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J Pain Symptom Manage. 1999 Mar;17(3):219-23.

Complicated delirium in a cancer patient successfully treated with olanzapine.

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1
Community Cancer Care, Inc., Indianapolis, Indiana 46202, USA.

Abstract

Delirium is common among cancer patients, especially those with advanced disease. Typical treatment involves addressing the underlying cause if possible; eliminating nonessential and/or other drugs that can worsen confusion, manipulating the environment; and administering antipsychotic drugs to control symptoms and agitated behavior, and attempt to clear the patient's sensorium. The newer atypical antipsychotics may have potential in the treatment of delirium and also have the added benefit of causing less akithisia and other extrapyramidal side effects. This is illustrated by the case of a 59-year-old woman with leukemia and pain of unclear etiology who developed a delirium and a moderate to severe extrapyramidal syndrome (EPS) in the setting of escalation of her pain medications and concomitant escalation of prochlorperazine. The patient presented with confusion and moderate to severe cogwheeling rigidity, masked facies, bradykinesia, and tremor. Additionally, the patient had a relatively recent history of subdural hematoma and one seizure. Conservative management including eliminating multiple nonessential medications (including the prochlorperazine); changing her opioid analgesic; providing a 24-hour companion: and administering low doses of haloperidol (0.5 mg-2.0 mg) were not effective in treating the patient's delirium. The patient's EPS was dramatically worse following haloperidol doses. After approximately I week without improvement, the patient was started on olanzapine 5 mg daily with initial improvement but with residual confusion in the evenings and overnight. The dose was titrated up to 10 mg nightly with 2.5 mg as needed during the day. After 3 days on this regimen, the patient's mental status exam was normal and she was discharged home. We discuss the potential utility of this atypical antipsychotic in the palliative care setting.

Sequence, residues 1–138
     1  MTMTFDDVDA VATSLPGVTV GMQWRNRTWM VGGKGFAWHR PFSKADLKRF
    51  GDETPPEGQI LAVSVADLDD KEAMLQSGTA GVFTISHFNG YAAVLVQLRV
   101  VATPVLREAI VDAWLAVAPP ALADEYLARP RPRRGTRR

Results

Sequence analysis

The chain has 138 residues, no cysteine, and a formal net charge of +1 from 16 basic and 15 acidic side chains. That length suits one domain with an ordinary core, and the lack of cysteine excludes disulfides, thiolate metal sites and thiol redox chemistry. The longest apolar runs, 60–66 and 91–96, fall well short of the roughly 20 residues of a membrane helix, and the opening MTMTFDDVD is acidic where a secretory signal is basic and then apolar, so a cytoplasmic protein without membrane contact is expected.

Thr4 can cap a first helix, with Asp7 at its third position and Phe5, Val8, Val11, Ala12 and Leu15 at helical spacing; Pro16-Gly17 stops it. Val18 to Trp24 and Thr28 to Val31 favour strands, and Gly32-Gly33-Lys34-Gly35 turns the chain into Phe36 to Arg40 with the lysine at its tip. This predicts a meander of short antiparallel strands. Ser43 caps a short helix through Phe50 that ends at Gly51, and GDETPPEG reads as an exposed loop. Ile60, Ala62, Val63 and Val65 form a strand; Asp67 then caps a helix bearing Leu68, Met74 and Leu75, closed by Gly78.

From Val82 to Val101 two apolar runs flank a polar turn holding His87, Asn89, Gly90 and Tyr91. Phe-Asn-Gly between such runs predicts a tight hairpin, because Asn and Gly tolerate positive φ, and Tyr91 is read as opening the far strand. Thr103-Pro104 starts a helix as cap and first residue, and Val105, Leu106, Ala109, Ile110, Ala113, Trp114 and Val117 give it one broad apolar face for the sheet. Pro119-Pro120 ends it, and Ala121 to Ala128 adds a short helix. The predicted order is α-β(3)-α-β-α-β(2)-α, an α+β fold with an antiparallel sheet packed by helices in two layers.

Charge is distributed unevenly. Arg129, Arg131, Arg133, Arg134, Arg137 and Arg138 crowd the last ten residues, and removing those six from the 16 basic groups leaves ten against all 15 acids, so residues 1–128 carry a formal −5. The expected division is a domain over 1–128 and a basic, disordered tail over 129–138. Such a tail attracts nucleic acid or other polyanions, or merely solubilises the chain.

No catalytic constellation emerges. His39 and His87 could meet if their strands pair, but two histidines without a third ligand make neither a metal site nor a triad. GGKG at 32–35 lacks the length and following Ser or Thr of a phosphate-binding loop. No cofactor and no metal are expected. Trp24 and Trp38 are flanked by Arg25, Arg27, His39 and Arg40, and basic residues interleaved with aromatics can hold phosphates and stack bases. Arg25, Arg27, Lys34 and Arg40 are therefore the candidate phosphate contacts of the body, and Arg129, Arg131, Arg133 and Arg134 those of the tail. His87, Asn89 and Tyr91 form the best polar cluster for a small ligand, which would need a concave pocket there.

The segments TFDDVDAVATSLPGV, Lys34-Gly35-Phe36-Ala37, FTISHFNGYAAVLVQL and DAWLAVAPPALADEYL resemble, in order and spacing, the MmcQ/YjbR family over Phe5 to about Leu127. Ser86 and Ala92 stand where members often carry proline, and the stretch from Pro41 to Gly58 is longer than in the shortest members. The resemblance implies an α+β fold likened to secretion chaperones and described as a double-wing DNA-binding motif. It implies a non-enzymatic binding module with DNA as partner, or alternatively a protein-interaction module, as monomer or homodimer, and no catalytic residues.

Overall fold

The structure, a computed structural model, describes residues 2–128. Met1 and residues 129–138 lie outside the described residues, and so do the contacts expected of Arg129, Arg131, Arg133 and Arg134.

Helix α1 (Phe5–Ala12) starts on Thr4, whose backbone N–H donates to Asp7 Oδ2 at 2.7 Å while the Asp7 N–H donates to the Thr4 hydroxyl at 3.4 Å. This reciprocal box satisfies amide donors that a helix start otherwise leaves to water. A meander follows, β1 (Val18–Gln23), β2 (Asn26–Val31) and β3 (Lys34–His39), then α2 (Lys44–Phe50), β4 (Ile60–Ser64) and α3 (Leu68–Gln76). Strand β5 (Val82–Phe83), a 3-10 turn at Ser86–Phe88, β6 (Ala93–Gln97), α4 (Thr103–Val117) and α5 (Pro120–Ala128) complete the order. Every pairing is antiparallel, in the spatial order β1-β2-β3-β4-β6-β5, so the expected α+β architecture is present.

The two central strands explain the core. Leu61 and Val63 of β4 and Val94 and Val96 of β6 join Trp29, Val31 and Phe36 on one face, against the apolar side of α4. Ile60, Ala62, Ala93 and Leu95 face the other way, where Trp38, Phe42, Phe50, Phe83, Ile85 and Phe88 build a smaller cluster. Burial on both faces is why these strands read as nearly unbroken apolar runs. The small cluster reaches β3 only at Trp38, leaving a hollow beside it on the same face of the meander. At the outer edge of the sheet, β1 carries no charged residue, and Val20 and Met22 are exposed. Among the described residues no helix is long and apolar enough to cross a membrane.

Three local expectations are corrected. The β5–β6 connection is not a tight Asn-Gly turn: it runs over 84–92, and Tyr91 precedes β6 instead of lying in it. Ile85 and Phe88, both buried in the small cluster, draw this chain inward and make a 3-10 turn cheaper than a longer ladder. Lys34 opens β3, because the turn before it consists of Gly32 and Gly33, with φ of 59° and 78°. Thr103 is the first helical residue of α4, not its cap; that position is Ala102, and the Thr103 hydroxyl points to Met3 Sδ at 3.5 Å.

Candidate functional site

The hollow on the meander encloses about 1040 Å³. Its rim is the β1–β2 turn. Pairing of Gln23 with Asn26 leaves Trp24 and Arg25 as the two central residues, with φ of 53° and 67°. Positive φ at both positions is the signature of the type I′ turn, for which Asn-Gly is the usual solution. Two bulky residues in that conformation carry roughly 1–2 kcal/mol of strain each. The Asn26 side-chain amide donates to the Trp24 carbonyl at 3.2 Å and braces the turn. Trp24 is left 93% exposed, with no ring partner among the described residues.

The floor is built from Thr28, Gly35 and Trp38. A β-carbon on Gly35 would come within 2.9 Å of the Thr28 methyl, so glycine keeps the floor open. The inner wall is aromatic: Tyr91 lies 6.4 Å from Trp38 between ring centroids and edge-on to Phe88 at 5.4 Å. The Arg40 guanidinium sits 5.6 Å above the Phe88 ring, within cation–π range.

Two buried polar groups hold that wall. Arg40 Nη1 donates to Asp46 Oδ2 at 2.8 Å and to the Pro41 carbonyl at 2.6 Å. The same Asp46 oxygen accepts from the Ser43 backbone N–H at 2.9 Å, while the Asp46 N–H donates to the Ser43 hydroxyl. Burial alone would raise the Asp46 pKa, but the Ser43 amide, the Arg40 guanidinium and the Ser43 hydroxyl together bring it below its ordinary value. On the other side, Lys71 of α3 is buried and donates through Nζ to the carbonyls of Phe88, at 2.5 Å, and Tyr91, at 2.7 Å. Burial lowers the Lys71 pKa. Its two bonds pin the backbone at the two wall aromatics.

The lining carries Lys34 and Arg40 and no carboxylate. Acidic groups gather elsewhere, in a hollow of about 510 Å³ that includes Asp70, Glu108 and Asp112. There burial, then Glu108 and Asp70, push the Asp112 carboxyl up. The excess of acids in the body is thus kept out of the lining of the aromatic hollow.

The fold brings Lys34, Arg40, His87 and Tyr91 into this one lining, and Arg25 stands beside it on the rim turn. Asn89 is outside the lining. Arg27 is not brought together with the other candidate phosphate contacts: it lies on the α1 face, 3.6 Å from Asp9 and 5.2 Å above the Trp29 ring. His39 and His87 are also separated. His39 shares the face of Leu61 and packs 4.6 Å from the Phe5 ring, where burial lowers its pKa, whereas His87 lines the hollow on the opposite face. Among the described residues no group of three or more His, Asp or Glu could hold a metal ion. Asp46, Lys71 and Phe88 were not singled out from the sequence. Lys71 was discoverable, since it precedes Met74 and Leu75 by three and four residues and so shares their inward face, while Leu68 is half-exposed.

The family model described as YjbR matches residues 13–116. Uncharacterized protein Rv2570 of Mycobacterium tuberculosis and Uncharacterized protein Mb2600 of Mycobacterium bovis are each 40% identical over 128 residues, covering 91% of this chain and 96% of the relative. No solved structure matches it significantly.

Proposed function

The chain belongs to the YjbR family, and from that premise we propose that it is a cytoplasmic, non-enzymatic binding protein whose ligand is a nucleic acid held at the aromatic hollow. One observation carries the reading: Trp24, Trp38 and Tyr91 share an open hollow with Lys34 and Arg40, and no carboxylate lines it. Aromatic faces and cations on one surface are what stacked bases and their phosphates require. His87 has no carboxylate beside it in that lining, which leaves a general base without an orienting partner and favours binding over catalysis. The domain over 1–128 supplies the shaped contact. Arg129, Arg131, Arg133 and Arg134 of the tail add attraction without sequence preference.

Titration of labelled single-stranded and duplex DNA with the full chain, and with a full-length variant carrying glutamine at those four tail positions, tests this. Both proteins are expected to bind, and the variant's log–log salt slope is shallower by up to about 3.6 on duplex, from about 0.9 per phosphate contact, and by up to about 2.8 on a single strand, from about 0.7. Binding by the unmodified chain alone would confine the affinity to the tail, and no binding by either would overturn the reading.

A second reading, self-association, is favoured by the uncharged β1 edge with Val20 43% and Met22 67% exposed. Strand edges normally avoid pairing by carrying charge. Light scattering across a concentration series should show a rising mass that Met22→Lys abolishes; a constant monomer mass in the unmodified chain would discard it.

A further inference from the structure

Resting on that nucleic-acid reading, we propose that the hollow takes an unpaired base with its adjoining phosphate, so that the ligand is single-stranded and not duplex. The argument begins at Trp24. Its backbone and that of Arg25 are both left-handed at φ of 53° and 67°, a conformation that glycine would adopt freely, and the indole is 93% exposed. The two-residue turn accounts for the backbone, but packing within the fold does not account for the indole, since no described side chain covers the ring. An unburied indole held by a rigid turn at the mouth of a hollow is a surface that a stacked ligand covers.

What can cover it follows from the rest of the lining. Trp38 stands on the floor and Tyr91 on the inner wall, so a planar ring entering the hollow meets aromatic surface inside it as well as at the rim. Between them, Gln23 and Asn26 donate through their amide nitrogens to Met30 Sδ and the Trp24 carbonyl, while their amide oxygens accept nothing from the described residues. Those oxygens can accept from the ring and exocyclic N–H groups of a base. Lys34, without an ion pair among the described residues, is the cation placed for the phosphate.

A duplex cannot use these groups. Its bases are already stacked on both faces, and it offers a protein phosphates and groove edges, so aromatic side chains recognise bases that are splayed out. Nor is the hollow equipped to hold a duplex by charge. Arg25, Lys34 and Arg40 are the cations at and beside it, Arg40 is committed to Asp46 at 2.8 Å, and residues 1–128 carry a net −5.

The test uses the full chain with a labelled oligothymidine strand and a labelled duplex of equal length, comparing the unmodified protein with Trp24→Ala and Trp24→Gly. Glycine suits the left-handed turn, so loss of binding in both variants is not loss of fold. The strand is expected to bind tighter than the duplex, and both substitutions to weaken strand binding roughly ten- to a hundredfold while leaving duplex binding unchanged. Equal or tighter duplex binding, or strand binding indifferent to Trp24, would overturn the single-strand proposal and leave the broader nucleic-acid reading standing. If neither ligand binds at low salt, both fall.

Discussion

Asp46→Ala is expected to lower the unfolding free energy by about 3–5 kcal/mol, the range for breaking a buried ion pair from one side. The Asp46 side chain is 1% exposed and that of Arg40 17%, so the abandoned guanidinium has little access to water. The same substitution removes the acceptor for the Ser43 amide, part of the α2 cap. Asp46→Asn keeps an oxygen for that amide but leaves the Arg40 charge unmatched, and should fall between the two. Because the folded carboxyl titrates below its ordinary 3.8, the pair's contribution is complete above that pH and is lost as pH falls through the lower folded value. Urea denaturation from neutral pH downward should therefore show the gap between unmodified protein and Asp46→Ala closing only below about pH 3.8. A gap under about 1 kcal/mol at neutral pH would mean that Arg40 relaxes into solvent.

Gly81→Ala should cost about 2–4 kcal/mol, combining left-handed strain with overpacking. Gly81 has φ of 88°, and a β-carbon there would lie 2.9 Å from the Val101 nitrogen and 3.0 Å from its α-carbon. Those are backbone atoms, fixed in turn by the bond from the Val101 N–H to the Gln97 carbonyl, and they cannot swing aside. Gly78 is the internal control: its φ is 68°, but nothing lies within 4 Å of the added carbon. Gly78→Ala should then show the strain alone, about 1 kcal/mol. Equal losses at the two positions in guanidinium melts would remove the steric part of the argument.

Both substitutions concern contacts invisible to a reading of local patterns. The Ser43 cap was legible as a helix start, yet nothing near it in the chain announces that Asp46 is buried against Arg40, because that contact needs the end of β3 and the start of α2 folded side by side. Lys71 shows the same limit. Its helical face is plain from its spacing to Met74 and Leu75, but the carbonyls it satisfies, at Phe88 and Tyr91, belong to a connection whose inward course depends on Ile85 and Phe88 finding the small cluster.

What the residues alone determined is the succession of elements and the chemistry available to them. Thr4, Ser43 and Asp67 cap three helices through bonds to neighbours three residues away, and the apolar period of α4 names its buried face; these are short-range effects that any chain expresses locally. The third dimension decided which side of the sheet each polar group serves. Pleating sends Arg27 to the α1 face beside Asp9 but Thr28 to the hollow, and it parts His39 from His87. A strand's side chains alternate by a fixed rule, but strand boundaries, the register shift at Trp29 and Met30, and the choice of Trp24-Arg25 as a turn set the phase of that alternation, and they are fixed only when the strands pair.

PMID:
10098365
[Indexed for MEDLINE]

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